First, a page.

I think it's strange that they think that commoditization might be bad for J2EE.
If anything, commoditization is good: it's good for the customer because there will be more direct competition and thus lower prices, and it's good for the developer because we can write to one standard and still give the customer a broad choice in deployment platforms.
It might be bad for those writing proprietary J2EE platforms, but they're a pretty small part of the community as a whole. I suppose it might be bad if they managed to start adding a whole bunch of things to new versions of J2EE through the community process.
The problem with commoditization is that there is little incentive to improve your product. If one product is the same as another then the only thing that differentiates thme is price. Companies that make great products find it very difficult to compete on price because their products cost more to make. The best companies learn very quickly to abandon a market as soon as the products in that market are commoditized.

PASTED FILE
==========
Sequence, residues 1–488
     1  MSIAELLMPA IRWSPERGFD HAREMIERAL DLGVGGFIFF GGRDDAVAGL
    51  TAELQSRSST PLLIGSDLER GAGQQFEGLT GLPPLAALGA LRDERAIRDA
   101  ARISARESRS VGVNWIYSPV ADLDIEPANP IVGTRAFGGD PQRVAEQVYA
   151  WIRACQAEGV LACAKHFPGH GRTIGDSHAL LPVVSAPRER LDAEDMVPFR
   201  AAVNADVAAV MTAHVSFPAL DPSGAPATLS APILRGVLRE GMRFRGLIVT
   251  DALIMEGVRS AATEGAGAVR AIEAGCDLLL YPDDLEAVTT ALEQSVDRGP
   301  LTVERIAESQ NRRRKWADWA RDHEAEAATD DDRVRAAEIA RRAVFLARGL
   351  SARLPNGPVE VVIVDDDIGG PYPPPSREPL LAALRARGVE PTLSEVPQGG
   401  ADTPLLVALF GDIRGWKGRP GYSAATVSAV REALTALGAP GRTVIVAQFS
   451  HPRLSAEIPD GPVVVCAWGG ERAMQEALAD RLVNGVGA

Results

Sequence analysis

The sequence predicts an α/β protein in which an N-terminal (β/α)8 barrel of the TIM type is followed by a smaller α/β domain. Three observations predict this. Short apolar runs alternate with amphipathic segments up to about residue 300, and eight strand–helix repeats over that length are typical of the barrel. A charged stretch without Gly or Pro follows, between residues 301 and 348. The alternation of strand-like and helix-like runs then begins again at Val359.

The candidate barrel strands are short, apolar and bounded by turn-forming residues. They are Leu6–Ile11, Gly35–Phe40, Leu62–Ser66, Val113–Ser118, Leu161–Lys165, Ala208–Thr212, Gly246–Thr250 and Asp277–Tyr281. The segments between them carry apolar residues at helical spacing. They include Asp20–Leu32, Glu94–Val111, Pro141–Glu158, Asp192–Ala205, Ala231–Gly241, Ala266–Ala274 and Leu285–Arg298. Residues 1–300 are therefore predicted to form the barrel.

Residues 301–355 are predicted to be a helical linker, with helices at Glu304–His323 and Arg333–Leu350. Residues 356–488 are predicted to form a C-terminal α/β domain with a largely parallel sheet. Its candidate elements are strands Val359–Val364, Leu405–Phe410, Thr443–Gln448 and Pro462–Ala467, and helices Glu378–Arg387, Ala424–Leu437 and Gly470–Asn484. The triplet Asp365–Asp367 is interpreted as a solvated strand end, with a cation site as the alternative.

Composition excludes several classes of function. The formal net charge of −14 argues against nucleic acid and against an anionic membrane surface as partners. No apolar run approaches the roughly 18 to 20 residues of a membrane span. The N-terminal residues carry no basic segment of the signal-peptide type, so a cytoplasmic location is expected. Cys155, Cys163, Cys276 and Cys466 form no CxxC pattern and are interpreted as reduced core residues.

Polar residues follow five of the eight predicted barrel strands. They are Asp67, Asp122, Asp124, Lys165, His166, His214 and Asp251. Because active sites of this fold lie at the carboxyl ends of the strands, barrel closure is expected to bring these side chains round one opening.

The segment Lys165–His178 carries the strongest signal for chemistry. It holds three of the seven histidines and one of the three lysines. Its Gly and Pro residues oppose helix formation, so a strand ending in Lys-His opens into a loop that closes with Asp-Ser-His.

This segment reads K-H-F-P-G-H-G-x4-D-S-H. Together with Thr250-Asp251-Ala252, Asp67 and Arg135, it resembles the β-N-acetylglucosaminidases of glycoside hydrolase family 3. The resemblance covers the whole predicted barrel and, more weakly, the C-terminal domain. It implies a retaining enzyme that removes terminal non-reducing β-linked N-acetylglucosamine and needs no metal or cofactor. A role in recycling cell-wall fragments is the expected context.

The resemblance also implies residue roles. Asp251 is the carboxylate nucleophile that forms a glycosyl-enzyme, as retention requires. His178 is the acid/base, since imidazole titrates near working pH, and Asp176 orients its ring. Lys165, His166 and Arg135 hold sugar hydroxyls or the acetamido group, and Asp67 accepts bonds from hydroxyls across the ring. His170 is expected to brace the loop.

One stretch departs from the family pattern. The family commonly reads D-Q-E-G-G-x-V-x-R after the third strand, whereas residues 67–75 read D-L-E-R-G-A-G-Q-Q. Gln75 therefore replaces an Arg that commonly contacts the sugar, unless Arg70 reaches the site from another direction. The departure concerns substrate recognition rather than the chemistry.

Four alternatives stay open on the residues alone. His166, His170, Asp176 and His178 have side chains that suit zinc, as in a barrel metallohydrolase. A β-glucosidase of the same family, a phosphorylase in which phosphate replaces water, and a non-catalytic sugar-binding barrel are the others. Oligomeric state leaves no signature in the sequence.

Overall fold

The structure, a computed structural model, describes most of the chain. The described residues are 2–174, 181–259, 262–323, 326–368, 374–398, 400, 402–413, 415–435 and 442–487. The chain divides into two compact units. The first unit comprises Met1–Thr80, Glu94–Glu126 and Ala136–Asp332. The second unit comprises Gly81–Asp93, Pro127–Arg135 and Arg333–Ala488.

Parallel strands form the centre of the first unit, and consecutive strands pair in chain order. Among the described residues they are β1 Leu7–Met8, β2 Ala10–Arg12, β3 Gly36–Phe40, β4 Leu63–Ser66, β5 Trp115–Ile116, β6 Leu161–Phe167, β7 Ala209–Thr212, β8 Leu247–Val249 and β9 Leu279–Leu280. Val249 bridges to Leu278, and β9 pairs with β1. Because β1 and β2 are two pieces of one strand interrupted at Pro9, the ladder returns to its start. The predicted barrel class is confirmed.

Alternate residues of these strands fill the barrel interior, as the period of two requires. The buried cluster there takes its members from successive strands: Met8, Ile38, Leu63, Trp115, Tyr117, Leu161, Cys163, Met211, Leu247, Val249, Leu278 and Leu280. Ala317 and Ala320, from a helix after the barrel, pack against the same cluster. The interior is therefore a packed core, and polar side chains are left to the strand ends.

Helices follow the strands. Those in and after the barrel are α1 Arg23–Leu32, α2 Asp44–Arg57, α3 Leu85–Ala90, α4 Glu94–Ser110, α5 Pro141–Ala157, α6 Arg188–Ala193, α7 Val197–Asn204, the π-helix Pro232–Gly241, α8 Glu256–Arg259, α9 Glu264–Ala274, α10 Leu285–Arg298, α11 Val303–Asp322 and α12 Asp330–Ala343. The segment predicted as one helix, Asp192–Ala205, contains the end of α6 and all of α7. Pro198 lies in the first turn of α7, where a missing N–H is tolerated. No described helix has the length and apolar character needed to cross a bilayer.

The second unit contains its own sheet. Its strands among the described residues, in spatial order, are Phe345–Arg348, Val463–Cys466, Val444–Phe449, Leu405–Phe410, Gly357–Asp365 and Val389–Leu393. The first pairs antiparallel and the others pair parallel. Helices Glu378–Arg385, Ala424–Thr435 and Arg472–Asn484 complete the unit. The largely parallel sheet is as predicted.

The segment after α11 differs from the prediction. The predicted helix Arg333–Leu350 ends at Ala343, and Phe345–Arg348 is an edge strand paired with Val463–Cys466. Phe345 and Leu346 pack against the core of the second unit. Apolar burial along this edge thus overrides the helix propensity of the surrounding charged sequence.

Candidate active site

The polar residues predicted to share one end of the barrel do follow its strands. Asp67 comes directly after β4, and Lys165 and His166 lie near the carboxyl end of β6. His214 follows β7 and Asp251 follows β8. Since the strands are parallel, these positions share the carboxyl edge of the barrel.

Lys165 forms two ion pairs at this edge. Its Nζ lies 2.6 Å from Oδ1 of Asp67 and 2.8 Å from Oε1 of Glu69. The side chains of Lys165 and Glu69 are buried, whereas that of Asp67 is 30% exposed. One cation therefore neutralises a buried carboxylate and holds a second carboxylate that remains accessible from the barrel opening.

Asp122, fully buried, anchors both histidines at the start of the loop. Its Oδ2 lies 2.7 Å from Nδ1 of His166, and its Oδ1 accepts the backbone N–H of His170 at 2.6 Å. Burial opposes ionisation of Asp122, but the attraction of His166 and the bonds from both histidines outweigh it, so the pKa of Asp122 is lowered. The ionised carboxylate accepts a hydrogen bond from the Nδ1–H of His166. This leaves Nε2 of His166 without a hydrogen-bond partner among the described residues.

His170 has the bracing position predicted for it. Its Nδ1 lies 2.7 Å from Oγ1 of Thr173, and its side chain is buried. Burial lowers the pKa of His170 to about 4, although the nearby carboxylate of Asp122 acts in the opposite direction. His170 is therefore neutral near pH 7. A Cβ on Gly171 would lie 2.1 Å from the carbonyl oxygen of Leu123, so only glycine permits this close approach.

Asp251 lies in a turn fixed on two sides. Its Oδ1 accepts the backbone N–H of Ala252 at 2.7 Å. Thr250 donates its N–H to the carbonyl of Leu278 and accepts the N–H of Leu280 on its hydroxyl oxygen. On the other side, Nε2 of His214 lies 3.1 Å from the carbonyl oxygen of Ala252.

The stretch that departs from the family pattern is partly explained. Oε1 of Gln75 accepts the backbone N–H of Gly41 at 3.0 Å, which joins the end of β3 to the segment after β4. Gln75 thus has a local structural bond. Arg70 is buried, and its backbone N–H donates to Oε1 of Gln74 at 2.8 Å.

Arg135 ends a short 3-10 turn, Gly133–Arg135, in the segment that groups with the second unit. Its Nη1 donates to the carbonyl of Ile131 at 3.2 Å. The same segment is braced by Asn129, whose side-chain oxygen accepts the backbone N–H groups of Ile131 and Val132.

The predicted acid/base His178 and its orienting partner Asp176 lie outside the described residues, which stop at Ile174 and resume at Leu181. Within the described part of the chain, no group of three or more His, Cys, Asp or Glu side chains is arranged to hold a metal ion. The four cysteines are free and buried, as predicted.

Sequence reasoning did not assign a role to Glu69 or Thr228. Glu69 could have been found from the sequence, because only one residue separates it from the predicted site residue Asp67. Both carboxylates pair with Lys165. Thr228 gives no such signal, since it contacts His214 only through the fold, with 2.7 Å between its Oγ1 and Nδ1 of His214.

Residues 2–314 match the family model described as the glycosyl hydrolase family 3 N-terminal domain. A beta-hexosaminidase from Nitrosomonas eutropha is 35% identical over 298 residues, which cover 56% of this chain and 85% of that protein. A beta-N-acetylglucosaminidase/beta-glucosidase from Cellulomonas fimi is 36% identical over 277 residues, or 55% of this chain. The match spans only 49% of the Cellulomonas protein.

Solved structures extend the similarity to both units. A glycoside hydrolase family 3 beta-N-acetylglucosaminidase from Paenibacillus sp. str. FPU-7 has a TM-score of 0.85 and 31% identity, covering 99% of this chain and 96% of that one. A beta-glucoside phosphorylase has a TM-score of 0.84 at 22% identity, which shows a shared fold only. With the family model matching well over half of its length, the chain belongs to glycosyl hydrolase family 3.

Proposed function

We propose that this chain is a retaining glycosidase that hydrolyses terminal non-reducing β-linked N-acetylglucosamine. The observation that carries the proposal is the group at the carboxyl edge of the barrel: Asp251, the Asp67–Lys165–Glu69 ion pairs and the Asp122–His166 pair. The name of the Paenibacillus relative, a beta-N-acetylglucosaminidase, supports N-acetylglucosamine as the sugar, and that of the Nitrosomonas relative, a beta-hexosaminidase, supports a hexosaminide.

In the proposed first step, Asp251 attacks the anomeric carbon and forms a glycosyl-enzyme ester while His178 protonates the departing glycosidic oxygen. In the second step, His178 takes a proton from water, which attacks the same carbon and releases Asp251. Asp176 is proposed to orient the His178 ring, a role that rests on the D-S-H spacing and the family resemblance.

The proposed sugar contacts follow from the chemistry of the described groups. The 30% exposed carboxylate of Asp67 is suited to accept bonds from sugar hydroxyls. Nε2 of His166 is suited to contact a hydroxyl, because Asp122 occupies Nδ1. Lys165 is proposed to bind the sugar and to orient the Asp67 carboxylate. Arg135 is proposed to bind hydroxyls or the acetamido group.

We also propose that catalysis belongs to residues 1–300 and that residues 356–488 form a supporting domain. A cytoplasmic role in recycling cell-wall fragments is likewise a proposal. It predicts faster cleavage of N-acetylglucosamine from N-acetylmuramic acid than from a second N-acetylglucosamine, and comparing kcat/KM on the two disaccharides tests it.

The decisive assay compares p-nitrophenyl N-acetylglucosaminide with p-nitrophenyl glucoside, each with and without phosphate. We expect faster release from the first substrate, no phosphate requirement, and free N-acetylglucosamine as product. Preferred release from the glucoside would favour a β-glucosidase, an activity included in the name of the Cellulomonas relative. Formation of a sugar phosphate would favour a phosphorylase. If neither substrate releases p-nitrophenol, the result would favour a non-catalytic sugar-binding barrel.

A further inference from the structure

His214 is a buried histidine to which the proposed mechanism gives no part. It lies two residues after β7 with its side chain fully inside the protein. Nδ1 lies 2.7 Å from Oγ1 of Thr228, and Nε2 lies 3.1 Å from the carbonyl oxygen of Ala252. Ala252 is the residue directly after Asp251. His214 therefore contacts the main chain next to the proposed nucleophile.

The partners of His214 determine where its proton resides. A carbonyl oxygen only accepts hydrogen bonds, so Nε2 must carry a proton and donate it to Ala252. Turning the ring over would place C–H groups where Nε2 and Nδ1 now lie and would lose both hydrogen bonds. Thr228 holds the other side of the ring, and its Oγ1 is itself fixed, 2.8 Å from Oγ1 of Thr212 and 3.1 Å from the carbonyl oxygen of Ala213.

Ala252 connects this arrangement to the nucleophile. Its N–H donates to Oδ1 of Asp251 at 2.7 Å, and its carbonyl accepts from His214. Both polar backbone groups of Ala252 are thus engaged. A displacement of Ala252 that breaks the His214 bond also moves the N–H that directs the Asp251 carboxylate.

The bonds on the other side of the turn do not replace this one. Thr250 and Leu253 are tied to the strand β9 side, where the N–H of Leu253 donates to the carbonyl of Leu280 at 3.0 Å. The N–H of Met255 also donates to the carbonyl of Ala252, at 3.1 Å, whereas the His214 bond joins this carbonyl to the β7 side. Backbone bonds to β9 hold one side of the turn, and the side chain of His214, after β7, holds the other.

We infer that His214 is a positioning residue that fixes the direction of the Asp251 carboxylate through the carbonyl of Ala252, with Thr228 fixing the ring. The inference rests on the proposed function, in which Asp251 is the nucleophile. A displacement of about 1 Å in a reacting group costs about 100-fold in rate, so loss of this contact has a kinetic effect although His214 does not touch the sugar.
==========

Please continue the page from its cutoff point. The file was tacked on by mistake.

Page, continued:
This isn't really meaningless drivel. This thread probably belongs in Java News.
Where-ever it belongs, I saw (or didn't see) something this weekend, that surprised me. While browsing around Barnes and Nobles book store I invariably wander over to the programming aisle. If for nothing else, just to see how many books are written on exactly the same topic. :roll:
B & N has had a whole section of the programming aisle devoted to Java for years. Its gone! C, C++ & C# have a section. .NET has a section. etc. etc.
Has anyone noticed this, as well?
Anxiety does not empty tomorrow of its sorrows, but only empties today of its strength. – Charles Spurgeon